The 2017 Clos du Mont-Olivet, Vieilles Vignes, Cotes du Rhone is an excellent follow-on to the 2016 vintage.  It is, however, a wine which needs time to develop and should drink well for a few years.  The best wine to drink now and one of my favorites of the tasting is the awesome 2005 Clos du Mont-Olivet, La Cuvee du Papet, Châteauneuf du Pape.  Even better is the 2010 Clos du Mont-Olivet, La Cuvee du Papet, Châteauneuf du Pape.  This superlative pair offers a wine that has just hit its mature phase, the 2005, and a wine shedding its youth, the 2010.  I went back to these bottles multiple times simply to drink them.  I recommend you buy some so you can as well!  Worth cellaring, is the very young yet outstanding 2016 Clos du Mont-Olivet, La Cuvee du Papet, Châteauneuf du Pape.  It has all the components for developing but is still firm.  I’d give it several years of age at which point it should be obvious if it is as great as the 2010.  Many thanks to Phil for hosting such an excellent tasting.

Blind #1 – 2017 Clos du Mont-Olivet, Vieilles Vignes, Cotes du Rhone –
Imported by Dionysos Imports. Alcohol 14.5%.  Grapey scents on the nose.  A young wine in the mouth with flavors of black and purple fruit with fine, dry and bitter structure in the end.  With air it rounds and balances out.  The ripe fruit has a touch of sweetness from a vanilla component.  The flavors of blueberries and violets is carried by watering acidity.  This is a mid-term ager that should significantly improve over the winter.  *** Now – 2027.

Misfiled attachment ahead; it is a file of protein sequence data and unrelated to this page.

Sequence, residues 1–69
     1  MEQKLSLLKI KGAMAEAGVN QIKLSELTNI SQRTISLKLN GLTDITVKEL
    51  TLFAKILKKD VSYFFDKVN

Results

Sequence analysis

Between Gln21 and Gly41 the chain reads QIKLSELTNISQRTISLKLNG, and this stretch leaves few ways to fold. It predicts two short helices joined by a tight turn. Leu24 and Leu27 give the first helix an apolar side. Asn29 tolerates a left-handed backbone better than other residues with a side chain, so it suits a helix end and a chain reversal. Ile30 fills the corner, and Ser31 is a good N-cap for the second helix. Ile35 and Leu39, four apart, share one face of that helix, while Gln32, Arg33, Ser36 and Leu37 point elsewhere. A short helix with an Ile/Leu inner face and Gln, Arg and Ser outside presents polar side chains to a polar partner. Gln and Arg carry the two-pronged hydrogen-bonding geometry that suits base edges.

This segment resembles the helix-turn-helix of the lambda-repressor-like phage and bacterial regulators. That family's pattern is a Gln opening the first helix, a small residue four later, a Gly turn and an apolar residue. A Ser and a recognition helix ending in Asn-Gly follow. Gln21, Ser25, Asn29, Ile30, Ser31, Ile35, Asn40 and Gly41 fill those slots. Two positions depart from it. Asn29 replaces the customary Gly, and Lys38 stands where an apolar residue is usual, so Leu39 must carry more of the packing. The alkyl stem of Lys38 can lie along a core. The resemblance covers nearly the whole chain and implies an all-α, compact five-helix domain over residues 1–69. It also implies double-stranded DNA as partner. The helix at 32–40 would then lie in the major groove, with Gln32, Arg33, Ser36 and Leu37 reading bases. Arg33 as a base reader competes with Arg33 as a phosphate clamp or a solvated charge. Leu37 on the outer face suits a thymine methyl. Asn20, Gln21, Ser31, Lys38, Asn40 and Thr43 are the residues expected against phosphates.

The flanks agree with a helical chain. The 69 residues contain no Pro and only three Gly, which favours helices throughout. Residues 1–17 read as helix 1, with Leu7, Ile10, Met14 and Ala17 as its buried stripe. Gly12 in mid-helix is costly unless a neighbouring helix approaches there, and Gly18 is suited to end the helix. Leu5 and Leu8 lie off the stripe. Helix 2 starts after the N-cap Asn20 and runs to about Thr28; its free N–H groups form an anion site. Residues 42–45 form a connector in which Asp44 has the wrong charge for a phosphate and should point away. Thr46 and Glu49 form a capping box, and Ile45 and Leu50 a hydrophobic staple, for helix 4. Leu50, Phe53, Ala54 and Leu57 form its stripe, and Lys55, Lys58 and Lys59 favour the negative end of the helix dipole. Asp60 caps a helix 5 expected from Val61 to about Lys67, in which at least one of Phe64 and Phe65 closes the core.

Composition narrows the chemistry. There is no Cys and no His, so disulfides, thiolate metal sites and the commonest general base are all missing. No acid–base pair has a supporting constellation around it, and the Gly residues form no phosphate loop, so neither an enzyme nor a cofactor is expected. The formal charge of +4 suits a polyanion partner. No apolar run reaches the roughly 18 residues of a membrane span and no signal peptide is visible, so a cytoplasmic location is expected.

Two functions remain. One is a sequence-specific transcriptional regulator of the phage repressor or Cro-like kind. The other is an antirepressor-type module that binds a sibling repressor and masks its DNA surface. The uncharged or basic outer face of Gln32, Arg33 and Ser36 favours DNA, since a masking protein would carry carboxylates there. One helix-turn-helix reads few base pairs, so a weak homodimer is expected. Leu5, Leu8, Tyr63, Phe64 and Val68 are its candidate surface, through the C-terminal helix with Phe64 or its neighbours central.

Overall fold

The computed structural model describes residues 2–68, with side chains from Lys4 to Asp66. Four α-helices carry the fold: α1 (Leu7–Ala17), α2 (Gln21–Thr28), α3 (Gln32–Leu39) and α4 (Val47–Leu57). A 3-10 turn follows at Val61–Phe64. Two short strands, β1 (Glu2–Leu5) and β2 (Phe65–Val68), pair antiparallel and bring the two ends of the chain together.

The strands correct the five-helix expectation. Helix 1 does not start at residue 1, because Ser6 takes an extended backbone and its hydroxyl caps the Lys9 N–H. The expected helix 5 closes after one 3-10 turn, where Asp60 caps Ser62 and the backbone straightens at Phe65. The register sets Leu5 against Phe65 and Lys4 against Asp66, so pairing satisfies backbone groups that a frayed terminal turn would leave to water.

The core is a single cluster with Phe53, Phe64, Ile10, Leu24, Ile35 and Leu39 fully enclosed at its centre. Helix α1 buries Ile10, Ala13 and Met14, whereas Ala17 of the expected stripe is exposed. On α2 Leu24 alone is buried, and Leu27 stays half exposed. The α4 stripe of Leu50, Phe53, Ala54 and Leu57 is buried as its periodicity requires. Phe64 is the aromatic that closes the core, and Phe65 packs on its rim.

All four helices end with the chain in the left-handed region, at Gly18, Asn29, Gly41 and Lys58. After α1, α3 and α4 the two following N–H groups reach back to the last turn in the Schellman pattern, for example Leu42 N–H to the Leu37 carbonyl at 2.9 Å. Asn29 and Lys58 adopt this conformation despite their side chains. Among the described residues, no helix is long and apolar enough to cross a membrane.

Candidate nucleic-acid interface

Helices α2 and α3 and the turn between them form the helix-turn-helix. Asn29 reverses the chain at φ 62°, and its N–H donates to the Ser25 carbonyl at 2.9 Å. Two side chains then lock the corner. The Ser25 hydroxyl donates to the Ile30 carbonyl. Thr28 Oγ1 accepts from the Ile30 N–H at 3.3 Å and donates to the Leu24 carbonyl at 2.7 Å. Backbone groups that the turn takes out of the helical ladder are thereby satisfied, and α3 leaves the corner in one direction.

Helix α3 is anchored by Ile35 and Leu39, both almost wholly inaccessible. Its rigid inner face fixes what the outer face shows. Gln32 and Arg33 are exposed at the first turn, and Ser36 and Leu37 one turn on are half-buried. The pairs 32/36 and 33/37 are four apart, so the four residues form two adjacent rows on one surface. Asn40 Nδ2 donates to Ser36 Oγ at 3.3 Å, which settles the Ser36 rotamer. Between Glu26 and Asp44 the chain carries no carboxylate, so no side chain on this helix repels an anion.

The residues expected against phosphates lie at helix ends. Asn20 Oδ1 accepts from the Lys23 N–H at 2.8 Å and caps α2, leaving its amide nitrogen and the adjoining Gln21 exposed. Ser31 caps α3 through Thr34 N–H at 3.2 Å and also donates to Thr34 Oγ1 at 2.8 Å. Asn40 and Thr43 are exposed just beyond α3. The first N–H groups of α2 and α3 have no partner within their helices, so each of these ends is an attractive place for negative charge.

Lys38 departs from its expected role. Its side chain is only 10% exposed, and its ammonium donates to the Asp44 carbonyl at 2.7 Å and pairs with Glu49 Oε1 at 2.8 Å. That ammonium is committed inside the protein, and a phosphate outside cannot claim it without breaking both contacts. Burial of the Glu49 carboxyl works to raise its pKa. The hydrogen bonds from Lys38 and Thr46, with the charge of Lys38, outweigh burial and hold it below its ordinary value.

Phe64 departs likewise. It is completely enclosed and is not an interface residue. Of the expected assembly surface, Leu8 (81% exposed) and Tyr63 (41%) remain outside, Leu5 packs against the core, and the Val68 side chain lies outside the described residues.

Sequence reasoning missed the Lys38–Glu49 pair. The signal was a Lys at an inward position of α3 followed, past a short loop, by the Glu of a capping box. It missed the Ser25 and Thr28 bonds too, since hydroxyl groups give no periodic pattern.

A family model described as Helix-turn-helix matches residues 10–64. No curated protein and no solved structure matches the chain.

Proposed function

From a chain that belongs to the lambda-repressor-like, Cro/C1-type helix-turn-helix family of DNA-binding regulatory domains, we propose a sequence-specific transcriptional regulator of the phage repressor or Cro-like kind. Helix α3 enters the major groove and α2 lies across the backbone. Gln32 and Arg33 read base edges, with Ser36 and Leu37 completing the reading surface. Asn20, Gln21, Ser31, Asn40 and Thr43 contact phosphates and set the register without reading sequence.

Blind #2 – 2016 Clos du Mont-Olivet, Châteauneuf du Pape –
Imported by Dionysos Imports. Alcohol 15%.  A good nose of red fruits.  In this mouth this is a big wine with a spine of acidity.  With air it opens up a touch offering creamy flavors of violets, black fruit, and a little wood box.  With good depth it becomes firm in the end as a spicy structure comes out.  It should be cellared.  This bottle is tighter than a previous bottle I tried.  ***(*) 2023- 2034.

Blind #3 – 2016 Clos du Mont-Olivet, La Cuvee du Papet, Châteauneuf du Pape –